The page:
•    Activity 1: Practical
          Students complete a practical exercise on cleaning floor surfaces (simulated or real).
 •    Activity 2: Integrated practical
          Students complete a practical exercise on preparing a guest room (simulated or real).

Topics 13: Public Areas
                                                   SUBJECT OUTCOME
     Clean and maintain public areas, understanding the importance of hygiene, cleanliness and maintaining a
                                           safe working environment.
               ASSESSMENT STANDARDS                                     LEARNING OUTCOMES
 •    Range of public areas: Lobby, lifts, public telephones,   •   Identify and describe the cleaning materials and
      foyer, restaurant and bar area                                equipment used in public areas.
 •    Unexpected situations: Broken tiles, equipment failure    •   Understand relevant health and safety procedures
      and wrong dilution in chemicals                               related to cleaning public areas.
                                                                •   Clean a range of public areas using the correct
                                                                    procedure, equipment and materials.
                                                                •   Understand and apply maintenance reporting
                                                                    procedures.
                                                                •   Interact with customers in a polite and friendly way.
                                                                •   Respond to a series of unexpected situations.
                                         ASSESSMENT TASKS OR ACTIVITIES
 •    Activity 1: Assignment
          Students complete an assignment on health and safety procedures and unexpected situations.
 •    Activity 2: Case study
          Students complete a case study exercise on cleaning and maintaining public areas.

Topics 14: Linen for External Laundry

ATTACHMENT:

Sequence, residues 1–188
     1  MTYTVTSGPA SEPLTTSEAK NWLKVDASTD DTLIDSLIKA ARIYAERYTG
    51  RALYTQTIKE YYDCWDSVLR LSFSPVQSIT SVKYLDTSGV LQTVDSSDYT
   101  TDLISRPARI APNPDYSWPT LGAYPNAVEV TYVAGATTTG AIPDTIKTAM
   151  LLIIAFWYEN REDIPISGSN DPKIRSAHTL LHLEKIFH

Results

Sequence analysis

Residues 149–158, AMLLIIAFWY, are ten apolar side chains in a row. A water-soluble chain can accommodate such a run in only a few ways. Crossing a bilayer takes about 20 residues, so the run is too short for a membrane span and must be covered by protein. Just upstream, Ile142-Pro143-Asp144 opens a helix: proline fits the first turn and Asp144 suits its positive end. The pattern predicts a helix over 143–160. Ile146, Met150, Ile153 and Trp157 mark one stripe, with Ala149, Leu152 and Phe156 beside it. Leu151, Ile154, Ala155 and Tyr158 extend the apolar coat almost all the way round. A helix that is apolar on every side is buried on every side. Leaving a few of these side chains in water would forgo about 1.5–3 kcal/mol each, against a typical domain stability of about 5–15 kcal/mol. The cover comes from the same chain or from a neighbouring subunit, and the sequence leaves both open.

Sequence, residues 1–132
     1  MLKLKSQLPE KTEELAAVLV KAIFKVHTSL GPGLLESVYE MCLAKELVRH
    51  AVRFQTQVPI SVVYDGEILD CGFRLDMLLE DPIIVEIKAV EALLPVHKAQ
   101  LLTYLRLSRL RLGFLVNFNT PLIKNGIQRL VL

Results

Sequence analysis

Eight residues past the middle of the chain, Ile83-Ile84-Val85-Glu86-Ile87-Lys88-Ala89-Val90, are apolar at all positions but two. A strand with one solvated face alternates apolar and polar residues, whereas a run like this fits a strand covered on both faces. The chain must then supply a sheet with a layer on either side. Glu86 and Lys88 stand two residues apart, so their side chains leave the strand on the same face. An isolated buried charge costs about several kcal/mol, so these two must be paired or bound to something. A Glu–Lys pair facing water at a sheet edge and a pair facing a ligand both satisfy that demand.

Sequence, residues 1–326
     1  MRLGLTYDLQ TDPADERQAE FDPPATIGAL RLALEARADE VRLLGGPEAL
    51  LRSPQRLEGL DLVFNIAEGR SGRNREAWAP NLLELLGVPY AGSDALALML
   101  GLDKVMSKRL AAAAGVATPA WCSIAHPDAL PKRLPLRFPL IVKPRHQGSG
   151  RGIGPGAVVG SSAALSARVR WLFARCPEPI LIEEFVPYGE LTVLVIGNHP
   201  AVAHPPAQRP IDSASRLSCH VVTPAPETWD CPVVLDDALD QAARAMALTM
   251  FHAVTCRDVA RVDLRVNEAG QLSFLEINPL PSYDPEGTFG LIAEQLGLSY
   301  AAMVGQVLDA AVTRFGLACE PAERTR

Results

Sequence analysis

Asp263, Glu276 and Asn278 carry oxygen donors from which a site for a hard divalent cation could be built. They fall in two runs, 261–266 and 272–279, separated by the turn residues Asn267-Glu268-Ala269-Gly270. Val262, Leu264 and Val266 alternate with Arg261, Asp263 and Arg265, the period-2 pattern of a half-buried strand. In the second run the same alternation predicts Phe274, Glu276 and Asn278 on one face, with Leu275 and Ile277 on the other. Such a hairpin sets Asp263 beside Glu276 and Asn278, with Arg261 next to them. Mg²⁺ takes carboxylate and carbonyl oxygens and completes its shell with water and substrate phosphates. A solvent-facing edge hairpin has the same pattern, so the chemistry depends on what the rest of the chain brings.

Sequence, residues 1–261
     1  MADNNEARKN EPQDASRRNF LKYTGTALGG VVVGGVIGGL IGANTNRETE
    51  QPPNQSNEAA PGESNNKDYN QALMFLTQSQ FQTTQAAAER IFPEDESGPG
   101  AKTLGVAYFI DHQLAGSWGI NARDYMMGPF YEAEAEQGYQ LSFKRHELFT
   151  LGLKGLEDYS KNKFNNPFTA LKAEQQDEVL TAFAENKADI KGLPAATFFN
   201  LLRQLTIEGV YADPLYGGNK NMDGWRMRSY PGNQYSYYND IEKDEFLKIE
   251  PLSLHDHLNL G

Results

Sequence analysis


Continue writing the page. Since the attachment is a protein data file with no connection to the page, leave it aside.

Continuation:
SUBJECT OUTCOME
 Control linen for external laundry, understanding the importance of hygiene, cleanliness and control systems.
                ASSESSMENT STANDARDS                                             LEARNING OUTCOMES
 •    Linen range: Sheets and duvet covers, pillowcases,        •   Receive and sort dirty linen for laundering according
      restaurant linen, curtains, towels, bath mats and             to hygiene procedures.
      uniforms                                                  •   Complete all the necessary control procedures and
 •    Unexpected incidents: Late return from laundry,               documentation.
      damaged linen and unauthorised access to storage          •   On receipt of clean linen, check for damage and
      area                                                          cleaning quality. If necessary, prepare for returns.
                                                                •   Store all clean linen according to procedures and
                                                                    maintain a clean, tidy and secure stores area.
                                                                •   Respond to a series of unexpected situations.




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Hospitality Services
National Certificates (Vocational)


                                         ASSESSMENT TASKS OR ACTIVITIES
 •    Activity 1: Simulation
          Students take part in a simulation exercise on operating procedure.
 •    Activity 2: Assignment
          Students complete a short-question assignment (+/- 10 questions) on all aspects of this topic.

Topics 15: Incoming and Outgoing Telephone Calls
                                                  SUBJECT OUTCOME
     Use the telephone effectively in a business environment, including individual use and relaying messages.
                 ASSESSMENT STANDARDS                                           LEARNING OUTCOMES
 •    Standard telephone etiquette and message-taking          •   Identify the different types of incoming calls, for
 •    Answering, transferring and making calls, including          example switchboard, direct line, internal and
      emergency calls                                              external.
 •    Operation of a basic PABX or switchboard and a           •   Answer the telephone in an appropriate manner,
      single-line telephone                                        demonstrating correct etiquette when answering and
                                                                   transferring calls.